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attended by her maid, set out, travelling post,
to join him.

Early in the morning they had started, intending
to sleep that night at a town of some
importance on the way. But the roads were
heavy, and the horses so jaded, that it was
evident they could not reach their destination till
far on in the night, even supposing it possible
to achieve that much, and already fatigue and
anxiety were beginning to tell strongly on my

So there was nothing for it but to take the
first tolerable shelter they could reach, and at
ten o'clock they were glad to find themselves in
a rural, but really not uncomfortable roadside

Supper despatched, my mother was fain to
retire to bed. The room, though small and
poorly furnished, was clean, and the bed looked
not uninviting, and the only serious drawback
to its convenience was, that my mother's maid
had to sleep in a room above, there being none
other unoccupied on that floor. However, as
Wilson's chamber was the one immediately over
my mother's, and that she was a light sleeper, it
would be easy, by tapping with the point of an
umbrella on the low ceiling, at any moment to
summon her, in case of there being occasion to
do so.

And so, in a short time, my mother, worn out
with all she had gone through in the long day,
dropped into a profound sleep, and one by one
the lights and the noises in the house sank
into darkness and silence, and only the mice
held their nightly orgies behind the old

Only in one room a light was still burning at
two o'clock in the morning.

About that time my mother awoke; but in
such ghastly terror and horror that it seemed
not like waking from wholesome sleep, but like
waking from death in the place of outer darkness
where are weeping and gnashing of

For something was clutching and tearing
frantically at the bed-clothes, with a horrible gasping,
gurgling sound unlike anything in or out
of nature, and there was a struggling and
writhing on the floor by the bedside, as if the
thing was striving to clamber up on it. And
so strong was my mother's impression that this
was so, that though unable to scream, she put
forth her hand, as if to repulse the thing, and
felt it come in contact with something hot and
wet, that clung stickily to her fingers.

Then she found breath to burst into wild
ringing shrieks; and lights were brought;
and lying by the bedside was a man in the
agonies of death with his throat gashed,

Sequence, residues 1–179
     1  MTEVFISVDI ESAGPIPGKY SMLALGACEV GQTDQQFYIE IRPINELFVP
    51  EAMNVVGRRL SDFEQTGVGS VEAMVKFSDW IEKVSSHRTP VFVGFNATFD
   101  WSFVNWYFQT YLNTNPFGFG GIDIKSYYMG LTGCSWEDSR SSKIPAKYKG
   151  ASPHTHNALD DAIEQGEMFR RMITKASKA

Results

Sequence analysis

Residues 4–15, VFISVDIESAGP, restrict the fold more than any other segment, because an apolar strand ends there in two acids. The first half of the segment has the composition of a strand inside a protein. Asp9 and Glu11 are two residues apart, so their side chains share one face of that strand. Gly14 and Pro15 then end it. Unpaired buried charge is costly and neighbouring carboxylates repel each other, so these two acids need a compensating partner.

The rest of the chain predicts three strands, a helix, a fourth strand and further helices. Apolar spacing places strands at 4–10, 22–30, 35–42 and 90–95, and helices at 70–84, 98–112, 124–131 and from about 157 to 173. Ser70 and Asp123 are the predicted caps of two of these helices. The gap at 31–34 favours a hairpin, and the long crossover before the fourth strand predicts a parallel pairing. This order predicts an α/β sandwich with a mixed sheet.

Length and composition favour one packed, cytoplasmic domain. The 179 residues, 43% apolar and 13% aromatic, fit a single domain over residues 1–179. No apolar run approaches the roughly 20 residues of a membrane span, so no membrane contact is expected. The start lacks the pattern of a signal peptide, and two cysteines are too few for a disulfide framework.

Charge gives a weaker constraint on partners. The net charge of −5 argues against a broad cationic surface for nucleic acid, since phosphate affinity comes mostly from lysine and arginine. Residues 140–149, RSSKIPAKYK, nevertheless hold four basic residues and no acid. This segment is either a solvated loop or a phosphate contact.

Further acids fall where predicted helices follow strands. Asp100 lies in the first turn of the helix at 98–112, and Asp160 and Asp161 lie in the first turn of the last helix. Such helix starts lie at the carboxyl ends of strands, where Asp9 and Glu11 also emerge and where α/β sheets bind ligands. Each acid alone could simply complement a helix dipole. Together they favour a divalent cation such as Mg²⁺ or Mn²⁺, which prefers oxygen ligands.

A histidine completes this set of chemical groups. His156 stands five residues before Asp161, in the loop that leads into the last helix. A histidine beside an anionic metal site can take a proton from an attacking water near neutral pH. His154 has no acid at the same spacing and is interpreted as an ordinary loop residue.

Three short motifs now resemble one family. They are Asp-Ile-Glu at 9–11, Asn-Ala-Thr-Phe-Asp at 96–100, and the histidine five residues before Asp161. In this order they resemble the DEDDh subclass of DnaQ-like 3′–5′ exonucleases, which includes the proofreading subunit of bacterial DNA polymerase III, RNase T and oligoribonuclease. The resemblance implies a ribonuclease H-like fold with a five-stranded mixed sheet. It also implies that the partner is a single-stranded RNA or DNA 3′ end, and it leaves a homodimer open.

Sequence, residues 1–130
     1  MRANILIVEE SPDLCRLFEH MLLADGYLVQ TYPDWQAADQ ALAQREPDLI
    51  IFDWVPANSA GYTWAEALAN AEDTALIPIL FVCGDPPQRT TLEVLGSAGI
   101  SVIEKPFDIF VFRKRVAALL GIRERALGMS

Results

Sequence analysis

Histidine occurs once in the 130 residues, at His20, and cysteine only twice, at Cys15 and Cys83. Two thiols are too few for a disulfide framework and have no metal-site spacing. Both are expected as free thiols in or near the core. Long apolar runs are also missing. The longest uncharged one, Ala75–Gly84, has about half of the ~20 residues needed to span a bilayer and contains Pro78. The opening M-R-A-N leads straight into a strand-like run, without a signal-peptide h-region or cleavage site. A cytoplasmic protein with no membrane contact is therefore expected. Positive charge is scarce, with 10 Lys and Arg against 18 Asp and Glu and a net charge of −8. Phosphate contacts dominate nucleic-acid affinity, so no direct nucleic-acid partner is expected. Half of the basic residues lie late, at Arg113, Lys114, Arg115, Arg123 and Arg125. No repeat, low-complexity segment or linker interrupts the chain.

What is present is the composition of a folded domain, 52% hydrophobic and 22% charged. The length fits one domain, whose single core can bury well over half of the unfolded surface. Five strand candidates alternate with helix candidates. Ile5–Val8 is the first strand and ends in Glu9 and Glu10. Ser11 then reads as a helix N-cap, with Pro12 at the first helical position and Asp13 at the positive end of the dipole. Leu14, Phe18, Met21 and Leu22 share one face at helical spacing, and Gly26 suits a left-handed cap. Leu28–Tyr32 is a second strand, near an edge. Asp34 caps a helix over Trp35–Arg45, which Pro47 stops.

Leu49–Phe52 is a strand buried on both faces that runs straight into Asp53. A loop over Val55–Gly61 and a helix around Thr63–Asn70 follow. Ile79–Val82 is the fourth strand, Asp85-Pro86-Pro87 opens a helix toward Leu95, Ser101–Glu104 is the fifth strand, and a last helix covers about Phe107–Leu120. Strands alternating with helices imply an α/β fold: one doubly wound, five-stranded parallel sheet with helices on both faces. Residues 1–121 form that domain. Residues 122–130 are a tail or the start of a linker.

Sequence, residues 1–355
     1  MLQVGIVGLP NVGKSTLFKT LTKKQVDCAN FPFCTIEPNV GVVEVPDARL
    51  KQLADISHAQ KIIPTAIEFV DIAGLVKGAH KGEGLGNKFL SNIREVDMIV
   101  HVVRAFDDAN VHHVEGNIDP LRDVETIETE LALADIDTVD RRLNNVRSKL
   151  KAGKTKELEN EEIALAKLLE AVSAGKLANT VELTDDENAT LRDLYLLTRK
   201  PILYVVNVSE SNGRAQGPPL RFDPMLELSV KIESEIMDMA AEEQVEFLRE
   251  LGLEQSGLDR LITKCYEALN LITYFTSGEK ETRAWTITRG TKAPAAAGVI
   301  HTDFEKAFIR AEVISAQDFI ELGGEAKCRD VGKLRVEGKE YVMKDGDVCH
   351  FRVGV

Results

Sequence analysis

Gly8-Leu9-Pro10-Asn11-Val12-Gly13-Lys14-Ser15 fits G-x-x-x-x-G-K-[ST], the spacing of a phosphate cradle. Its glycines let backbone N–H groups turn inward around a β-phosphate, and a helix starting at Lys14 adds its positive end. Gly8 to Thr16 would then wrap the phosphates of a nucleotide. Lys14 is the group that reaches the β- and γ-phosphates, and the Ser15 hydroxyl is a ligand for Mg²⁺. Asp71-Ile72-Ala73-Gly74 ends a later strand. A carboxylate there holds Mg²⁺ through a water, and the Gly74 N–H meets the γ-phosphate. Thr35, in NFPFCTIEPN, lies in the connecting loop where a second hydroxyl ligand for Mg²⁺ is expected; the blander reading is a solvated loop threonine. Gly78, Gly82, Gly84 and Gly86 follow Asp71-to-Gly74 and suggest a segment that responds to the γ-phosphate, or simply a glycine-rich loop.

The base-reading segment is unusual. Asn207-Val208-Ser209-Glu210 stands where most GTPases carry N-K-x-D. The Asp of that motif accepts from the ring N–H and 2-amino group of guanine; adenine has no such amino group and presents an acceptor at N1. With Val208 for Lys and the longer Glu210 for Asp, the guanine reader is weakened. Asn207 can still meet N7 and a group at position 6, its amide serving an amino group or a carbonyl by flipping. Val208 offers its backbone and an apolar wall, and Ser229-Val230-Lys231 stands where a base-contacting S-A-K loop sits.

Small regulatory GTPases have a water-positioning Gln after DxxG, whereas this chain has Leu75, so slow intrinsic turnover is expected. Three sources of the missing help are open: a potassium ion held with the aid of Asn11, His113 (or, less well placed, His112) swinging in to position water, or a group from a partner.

and the blood welling from it, and saturating
the bed-clothes, and crimson on my mother's

She never recovered her senses, and a few
days after I was born.

My father, as soon as it was possiblemuch
sooner than it was safefor him to travel, came
and took her and me, the one mad, the other
apparently dying, to Cornwall. Two rooms on
the ground floor of the house were arranged for
her, opening on the enclosure that had so
often excited my curiosity, so that she might,
unseen, have air and exercise. There, attended
only by her maid, an elderly woman, attached
to her from her childhood, and by my father,
she remained till the period of her death, which
occurred but a few weeks after the night on
which I had seen her for the first and last time.
During the earlier years of her insanity she had,
usually, been tolerably quiet; but some months
before her death the infirmity took a new turn.
She would be seized with sudden frenzies,
uttering the shrieks that had occasionally
reached my ears, going in imagination through
the scene at the inn, constantly washing her
hands to remove the blood with which her
distracted fancy stained them, and examining the
throats of my father, the doctor, and nurse, as
she had examined mine.

And now was explained the meaning of the
painful surveillance of me which, in my poor
father, had so disturbed me. A constant dread
was on him lest the condition of my mother's
intellect at the period of my birth might exert
an influence on mine. Day and night this
terror haunted him; every word, look, and
action of mine was weighed and studied with
this idea; and little did he suspect how this
very anxiety, or rather the unconscious
evidence of it, tended towards producing a state of
mind calculated to engender, under exciting
circumstances, the very effect he dreaded.
Above all things he trembled lest the truth of
my mother's awful fate should, in any way,
reach me; and thus arose the mystery which,
I verily believe, might have been yet more
dangerous to me than even some knowledge of the
rightful fact.

My poor father! if error there were, it was
wholly error of judgment, and I have no
reason to blame himto do other than regard
his memory with pitying tenderness, to lament
over a fate so undeserved and so terrible. He
sleeps now under a monument I have erected
in our parish churchyard, side by side with
the wife from whom in life he was so cruelly

The unfortunate cause of the calamity which
thus overshadowed the lives of a family, proved
to be a young gentleman, the son of Scottish
parents, who, tired of the monotony of his quiet
home life, had come south, fallen in with evil
company, and, having disgraced the honest name
he bore, resolved, in a moment of desperation,
to end his life. No sooner, however, had his
hand committed the fatal act, than, repentant
and terrified, his only thought was to seek

Between his room and my mother's was a
door of communication, which neither she nor
Wilson had observed, and through this he,
having heard voices on the other side, trailed
himself, and, unable to speak, had sought to
call my mother's attention in the way